DAVID D'ARCY: Web firms are not pouring money into the films they show, although studios and cable outlets like the Sundance Channel are buying them from companies like Atom Films, one of the surviving distributors specializing in shorts. Atom Films has not made money yet. And filmmakers are paid little or nothing to put their films on the Atom Films site, says Seth Levinson (Levenstein?), Vice President of Sales.
SETH LEVENSTEIN: No one is getting really rich right now, but if you can license a film to Atom and generate enough revenue that after a year or in some cases less you've more than paid for the cost to produce the film, that seems to me it's a kind of a good deal all around.
DAVID D'ARCY: Even when filmmakers do get paid up front by a web site, they tend to fall victim to show biz realities, says Frank Chindamo, who's shown dozens of his short films on the Net.
FRANK CHINDAMO: It's been an all or nothing sort of a thing. The people who don't have a name, if they're lucky they're being offered 500 dollars, if they're lucky. And that's after going through a selection process where your film is one out of a thousand films.
DAVID D'ARCY: Chindamo has found a way around that. He's making short sit com films called Lovebytestheshow.com about Internet dating. [CLIP] Chindamo links the films to a million-member dating service, Peopletopeople.com. His funding is based on the number of people his sit coms bring to the site.
FRANK CHINDAMO: Hollywood is just a bunch of, you know, scared fearful executives who don't always have an inner sense of how to pick from Project A and Project B and the other 500 projects that came across their desk that day. But if Project A has an attachment of like my thing does of 1.2 million people already on line, already able to watch this show, well that's a validification.
DAVID D'ARCY: Another approach developed by Angus Bievers of Emovielog.com takes product placement to what he calls its logical conclusion. Everything on the screen in his films, from the clothes to the cars, is for sale. The movie becomes a catalog to generate instant cash.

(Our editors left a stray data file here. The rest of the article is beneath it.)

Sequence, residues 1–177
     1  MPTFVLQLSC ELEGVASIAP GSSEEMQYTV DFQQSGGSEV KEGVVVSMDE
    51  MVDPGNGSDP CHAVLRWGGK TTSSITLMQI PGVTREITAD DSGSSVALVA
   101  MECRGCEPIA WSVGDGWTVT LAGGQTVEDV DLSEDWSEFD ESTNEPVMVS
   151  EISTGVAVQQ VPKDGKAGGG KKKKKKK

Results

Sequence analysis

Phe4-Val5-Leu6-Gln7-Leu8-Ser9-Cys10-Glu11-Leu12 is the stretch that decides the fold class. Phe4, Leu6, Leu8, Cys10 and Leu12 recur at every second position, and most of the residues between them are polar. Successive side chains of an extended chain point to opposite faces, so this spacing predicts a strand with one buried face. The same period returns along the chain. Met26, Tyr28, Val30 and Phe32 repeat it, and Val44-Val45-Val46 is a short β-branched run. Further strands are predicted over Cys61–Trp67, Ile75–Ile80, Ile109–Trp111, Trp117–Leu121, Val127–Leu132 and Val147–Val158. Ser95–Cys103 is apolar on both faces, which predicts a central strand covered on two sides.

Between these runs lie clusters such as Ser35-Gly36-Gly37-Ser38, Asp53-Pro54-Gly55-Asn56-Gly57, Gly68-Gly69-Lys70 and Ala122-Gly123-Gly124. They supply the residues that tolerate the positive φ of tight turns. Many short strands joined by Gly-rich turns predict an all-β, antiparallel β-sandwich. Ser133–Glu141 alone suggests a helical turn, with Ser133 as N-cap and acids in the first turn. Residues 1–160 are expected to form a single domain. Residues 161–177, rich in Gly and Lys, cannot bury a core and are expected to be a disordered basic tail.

ANGUS BIEVERS: Everything, garden products, the magnum--I have a gun in it, that's for sale, antiques, one-of-a-kind antiques. And hopefully I'll go get a deal Museum Store to do knockoffs. And if--and real estate. There's j--it was shot mostly in the Caribbean.
DAVID D'ARCY: This scheme isn't so far from what large corporations are doing on the Net. Just this week Atom Films launched a collaboration with Ford Motor Company which funded three short films, one by Morgan Lolly, each of which showed the new Ford Focus, which Ford hopes to market to hip young buyers who surf the Net and watch independent movies. Product placement is a long way from Sundance's genesis as an anti-corporate event, but all filmmakers need money. And they need a dose of reality, says Noah Cowan of the small New York distribution film Cowboy Booking. The Internet isn't the panacea that many thought it would be, but it can help a film that's already in the marketplace recoup some of its costs.
NOAH COWAN: Where the Internet is going to make a big difference in going to be important is as a--a new ancillary market. Probably something like a video on demand, pay per view situation that the Internet is--is particularly useful for.
DAVID D'ARCY: Sundance considered more than 1700 feature films this year, and at least twice that many shorts. Most of those that weren't selected for this year's program are elbowing each other for space on the Internet. It may be the screen of last resort, but for most filmmakers it's the only screen they've got. For On the Media, I'm David D'Arcy.